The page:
Thyroid cancer patients who are disease-free benefit from less post-surgery surveillance, according to a study published in the Journal of Clinical Oncology.
In this study, researchers queried 2,632 patients between February 2017 and October 2018 who were diagnosed with thyroid cancer between January 2014, and December 2015 from the George and Los Angeles County SEER registries. All patient reports on health care utilization in the past year as well as responses to the validated Medical Maximizer Minimizer Scale were linked to SEER data in 2,183 patients who were cancer-free. The researchers utilized logistic regression using cumulative logit and nonproportional odds.
According to the results of the study, 31.6% of patients were classified as minimizers, 42.5% as moderate maximizers, and 25.9% as strong maximizers. After controlling for age, sex, race and ethnicity, comorbidity, stage, and SEER site, strong maximizers (compared with minimizers) were significantly more likely to report four or less doctor visits juxtaposed to minimizers (OR=1.45; 95% CI, 1.10 to 1.92), two or less neck ultrasounds (OR=1.58; 95% CI, 1.17 to 2.14), and at least one radioactive iodine scan (OR, 1.73; 95% CI, 1.19-2.50), and at least one additional imaging study (OR=2.06; 95% CI, 1.56 to 2.72).
“Our findings demonstrate that patients with a preference for maximal medical care did indeed tend to receive more follow-up care, including a greater number of doctor visits and imaging tests,” said senior study author Megan Haymart, M.D. who’s also a member of the U-M Institute for Healthcare Policy & Innovation in a press release about the study. “These results help to explain why we see significant differences in the management of low-risk thyroid cancer that isn’t explained by disease-related factors.”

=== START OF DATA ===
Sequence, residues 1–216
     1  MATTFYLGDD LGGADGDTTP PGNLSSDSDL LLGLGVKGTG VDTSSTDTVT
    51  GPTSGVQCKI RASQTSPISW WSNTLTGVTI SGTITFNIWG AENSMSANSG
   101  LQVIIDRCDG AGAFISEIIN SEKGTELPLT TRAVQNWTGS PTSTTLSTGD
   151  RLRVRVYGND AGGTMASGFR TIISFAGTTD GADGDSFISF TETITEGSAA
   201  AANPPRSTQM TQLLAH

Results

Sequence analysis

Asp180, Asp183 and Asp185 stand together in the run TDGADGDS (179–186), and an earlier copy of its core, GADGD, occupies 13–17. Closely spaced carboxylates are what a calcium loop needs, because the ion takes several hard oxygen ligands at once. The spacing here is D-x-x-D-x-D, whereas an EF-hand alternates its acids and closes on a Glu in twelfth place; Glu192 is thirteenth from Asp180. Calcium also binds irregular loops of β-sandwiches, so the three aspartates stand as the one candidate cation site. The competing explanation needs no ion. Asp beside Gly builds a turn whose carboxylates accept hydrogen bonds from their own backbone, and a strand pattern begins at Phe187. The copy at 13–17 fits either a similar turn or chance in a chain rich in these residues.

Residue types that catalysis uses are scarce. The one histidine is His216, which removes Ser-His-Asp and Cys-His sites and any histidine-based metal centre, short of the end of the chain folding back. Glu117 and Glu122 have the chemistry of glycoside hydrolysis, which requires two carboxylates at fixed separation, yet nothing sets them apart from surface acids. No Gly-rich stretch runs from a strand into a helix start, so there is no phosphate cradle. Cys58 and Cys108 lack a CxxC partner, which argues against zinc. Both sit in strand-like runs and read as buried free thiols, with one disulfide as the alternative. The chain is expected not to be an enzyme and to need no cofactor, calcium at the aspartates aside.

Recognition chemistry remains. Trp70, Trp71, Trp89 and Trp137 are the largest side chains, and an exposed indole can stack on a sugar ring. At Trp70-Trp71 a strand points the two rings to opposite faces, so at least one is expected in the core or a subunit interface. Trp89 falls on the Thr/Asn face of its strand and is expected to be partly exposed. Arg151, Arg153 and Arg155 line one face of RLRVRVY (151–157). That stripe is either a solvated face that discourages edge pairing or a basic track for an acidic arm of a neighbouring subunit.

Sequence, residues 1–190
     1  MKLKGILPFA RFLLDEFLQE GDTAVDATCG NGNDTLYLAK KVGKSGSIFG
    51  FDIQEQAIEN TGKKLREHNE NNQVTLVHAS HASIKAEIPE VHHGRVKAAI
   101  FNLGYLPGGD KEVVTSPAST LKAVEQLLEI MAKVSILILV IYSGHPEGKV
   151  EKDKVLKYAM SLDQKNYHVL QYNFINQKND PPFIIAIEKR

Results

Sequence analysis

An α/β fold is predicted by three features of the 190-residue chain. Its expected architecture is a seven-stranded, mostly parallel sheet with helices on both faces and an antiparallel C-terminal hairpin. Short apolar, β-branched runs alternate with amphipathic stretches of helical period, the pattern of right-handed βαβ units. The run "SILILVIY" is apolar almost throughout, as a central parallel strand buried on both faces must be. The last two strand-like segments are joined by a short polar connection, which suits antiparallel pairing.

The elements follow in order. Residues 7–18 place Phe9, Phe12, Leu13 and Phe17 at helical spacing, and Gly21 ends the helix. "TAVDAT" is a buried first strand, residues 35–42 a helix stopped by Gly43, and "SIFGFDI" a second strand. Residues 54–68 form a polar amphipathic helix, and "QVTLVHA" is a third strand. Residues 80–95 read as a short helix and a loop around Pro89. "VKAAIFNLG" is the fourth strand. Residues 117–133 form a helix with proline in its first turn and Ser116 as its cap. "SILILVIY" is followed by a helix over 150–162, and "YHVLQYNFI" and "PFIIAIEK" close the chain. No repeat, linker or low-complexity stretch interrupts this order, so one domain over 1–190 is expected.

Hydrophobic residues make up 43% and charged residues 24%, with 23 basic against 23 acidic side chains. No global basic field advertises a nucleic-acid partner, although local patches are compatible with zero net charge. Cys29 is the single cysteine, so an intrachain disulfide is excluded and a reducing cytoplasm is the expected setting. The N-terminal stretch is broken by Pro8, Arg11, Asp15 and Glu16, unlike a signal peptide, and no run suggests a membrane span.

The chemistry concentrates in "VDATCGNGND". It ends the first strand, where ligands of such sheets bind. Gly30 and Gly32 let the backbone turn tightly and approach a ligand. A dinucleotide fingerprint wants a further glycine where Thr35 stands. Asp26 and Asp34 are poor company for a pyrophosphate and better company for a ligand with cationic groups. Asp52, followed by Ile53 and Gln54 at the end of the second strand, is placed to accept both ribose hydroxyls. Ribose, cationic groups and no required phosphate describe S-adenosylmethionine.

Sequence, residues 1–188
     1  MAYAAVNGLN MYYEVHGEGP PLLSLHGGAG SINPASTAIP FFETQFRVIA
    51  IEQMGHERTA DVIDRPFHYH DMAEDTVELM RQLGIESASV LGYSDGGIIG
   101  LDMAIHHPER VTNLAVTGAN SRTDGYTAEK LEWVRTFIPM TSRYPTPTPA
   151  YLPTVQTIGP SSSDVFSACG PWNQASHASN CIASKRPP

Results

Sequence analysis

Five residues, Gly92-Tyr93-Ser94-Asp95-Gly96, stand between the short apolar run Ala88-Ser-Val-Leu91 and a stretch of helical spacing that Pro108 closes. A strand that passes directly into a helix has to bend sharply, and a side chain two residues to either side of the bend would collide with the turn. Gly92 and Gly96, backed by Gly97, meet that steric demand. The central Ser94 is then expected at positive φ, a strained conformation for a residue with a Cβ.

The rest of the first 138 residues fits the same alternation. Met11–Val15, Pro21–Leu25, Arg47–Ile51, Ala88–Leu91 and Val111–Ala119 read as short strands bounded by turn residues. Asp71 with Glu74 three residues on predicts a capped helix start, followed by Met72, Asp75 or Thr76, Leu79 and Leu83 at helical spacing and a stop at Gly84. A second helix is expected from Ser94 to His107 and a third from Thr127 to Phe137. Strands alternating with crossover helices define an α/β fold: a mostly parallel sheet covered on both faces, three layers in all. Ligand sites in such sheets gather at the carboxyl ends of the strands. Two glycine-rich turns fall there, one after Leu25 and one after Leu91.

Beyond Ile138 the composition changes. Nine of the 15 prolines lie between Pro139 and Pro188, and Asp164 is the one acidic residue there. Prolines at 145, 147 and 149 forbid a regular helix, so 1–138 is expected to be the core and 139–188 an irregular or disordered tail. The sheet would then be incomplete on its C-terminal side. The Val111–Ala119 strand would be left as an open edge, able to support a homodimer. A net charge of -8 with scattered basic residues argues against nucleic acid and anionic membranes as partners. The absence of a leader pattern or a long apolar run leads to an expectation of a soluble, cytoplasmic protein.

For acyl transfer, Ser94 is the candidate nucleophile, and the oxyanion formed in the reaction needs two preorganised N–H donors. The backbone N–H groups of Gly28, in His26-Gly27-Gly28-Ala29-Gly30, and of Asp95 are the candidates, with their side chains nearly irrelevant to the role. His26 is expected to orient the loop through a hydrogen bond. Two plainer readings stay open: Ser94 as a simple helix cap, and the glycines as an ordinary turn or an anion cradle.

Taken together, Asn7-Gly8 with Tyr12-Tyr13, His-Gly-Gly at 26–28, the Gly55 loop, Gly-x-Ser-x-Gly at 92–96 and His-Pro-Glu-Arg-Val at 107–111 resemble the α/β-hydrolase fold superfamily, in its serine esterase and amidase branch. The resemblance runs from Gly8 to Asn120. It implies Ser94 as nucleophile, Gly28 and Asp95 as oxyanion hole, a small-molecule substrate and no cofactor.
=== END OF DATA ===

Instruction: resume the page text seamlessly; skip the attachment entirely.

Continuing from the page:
— Johanna Younghans Baker (@JoYounghans) October 11, 2019
“There’s a tendency to think of cancer as this big bad thing that we just need to throw everything we have in our arsenal at,” Dr. Haymart continued. “But that’s not necessarily the case. In certain contexts, like these, less may indeed be more. In their discussions, doctors may be able to better help patients understand the potential benefits of a less intensive approach.”
— Medical Xpress (@medical_xpress) October 14, 2019